Original date of publication: 1951
My edition: 1997 (Virago)
Why I decided to read: I’m trying to read all of Molly Keane’s novels
How I acquired my copy: Ebay seller, August 2010
I became a Molly Keane fan after reading The Rising Tide and Taking Chances. I’m starting to notice some trends in Molly Keane’s novels: a domineering family matriarch, an old family house in Ireland. Loving Without Tears has both, but the house in this book isn’t important. Covering the space of a single day, and an epilogue three weeks later, this book tells the story of Angel, a woman who clings tightly to her grown children, watching in despair as they fall in love and intend to marry.
Loving Without Tears is sadly not my favorite of the Molly Keane books I’ve read. Set in the years after WWII, there’s still this wonderful dreamlike quality to it (for some reason, I kept thinking of the setting of the musical Mamma Mia as I read!). The focus of this novel is on the relationship between Angel and Julian and Slaney; and I found myself almost detesting Angel for nearly smothering her children. But in some ways you feel sorry for her; if her children leave, she really doesn’t have much to live for. There are some clichéd characters in this novel, namely the vampy American that Julian intends to marry and the caustic land agent, but some of the others are very well portrayed. On the other hand, I was a bit exasperated at Chris and Tiddley, two characters who basically allow themselves to be used as doormats.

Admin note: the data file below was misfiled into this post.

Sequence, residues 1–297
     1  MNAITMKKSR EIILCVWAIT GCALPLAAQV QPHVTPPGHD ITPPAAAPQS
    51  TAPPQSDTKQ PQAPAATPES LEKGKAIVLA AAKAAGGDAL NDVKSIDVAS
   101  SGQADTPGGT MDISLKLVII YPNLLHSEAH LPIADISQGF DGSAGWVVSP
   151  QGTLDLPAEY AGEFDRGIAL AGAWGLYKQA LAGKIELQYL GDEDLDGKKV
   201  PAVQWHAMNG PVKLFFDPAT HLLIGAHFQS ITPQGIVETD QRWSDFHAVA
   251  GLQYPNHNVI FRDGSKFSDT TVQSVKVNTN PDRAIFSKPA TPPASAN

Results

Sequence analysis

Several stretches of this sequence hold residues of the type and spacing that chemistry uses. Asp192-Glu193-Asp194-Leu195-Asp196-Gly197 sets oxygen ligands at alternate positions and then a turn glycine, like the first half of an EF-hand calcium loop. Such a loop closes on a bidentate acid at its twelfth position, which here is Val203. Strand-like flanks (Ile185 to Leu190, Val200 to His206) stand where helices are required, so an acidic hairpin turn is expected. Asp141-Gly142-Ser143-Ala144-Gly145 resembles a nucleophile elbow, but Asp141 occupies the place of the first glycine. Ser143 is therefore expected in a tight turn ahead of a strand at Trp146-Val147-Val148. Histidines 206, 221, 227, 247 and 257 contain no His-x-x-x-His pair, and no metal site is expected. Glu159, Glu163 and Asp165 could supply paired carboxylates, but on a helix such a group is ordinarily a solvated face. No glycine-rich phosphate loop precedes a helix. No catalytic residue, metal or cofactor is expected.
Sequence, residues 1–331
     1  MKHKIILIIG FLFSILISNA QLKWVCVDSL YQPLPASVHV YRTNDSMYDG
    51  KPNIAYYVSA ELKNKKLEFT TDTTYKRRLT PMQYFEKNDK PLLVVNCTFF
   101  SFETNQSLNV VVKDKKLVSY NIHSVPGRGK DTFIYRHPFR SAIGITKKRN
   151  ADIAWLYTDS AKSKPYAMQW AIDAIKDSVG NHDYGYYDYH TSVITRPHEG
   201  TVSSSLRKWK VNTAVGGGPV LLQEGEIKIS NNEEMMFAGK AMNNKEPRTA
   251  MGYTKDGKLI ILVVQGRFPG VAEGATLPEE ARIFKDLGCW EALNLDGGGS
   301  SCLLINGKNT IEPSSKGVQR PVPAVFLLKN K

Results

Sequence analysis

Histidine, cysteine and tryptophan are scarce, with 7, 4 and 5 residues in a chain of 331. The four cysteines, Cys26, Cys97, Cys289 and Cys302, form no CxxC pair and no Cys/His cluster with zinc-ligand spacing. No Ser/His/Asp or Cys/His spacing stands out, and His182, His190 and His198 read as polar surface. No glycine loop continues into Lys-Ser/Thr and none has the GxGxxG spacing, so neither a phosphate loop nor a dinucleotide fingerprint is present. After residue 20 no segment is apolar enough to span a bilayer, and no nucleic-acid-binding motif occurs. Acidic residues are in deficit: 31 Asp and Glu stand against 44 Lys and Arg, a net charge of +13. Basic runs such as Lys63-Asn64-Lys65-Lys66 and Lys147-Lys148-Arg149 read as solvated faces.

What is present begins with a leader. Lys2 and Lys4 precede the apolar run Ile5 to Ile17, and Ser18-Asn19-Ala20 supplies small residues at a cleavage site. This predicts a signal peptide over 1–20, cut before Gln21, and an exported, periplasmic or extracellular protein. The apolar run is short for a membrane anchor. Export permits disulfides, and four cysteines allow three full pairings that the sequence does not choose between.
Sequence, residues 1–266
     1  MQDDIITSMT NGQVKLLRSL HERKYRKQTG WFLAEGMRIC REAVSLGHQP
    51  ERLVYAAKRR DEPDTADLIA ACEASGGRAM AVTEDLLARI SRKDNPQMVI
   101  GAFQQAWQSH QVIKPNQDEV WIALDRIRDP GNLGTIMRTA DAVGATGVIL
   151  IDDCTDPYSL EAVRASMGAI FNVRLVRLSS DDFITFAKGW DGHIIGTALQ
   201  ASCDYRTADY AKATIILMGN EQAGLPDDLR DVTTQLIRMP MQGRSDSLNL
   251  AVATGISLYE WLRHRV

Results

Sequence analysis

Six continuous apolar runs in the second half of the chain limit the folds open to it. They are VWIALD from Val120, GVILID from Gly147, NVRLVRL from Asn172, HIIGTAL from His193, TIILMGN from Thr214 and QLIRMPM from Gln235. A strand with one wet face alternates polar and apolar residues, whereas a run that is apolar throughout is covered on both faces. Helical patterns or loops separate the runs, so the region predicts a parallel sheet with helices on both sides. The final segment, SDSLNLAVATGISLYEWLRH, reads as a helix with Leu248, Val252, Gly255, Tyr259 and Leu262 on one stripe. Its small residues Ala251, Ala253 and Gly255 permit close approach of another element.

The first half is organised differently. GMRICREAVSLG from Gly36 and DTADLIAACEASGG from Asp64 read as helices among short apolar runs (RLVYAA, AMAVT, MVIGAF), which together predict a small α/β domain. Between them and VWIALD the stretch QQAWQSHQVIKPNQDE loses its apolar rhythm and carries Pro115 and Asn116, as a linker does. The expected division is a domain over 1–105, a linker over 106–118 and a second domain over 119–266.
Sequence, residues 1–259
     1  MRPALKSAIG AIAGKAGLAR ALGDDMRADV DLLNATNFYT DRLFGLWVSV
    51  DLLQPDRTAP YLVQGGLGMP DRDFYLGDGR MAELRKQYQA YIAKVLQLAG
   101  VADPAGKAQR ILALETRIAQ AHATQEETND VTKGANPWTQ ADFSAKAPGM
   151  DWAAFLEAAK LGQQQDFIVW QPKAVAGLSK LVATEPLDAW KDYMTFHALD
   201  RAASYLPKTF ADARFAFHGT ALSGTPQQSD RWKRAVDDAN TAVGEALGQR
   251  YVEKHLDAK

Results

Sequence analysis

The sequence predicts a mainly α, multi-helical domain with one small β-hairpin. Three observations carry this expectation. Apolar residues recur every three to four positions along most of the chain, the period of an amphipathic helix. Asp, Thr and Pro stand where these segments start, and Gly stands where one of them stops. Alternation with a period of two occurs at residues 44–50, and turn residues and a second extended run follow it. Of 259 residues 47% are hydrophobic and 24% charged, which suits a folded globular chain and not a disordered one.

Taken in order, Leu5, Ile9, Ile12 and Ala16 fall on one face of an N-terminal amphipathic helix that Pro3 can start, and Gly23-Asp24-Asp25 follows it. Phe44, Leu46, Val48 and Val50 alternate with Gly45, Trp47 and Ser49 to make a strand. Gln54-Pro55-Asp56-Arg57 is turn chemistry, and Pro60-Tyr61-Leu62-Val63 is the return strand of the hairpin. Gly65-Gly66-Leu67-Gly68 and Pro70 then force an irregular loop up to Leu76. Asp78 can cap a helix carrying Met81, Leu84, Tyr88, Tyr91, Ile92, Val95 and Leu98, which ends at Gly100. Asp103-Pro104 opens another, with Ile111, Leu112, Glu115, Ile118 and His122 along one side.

As I read this book, I kept having the feeling that I was just floating along; unfortunately, I didn’t find myself caring much for any of the characters or their motivations. Because the action is set during the course of a single day, the author has a lot to get in, and I found myself believing that all of this would take place in such a short period of time. But Molly Keane is skilled at describing things; and since this book is set during the month of June, it was the perfect antidote to the December days I read this book in. I wasn’t fully enamored of this novel, but I’m still a Molly Keane fan and have several of her other books on my shelf.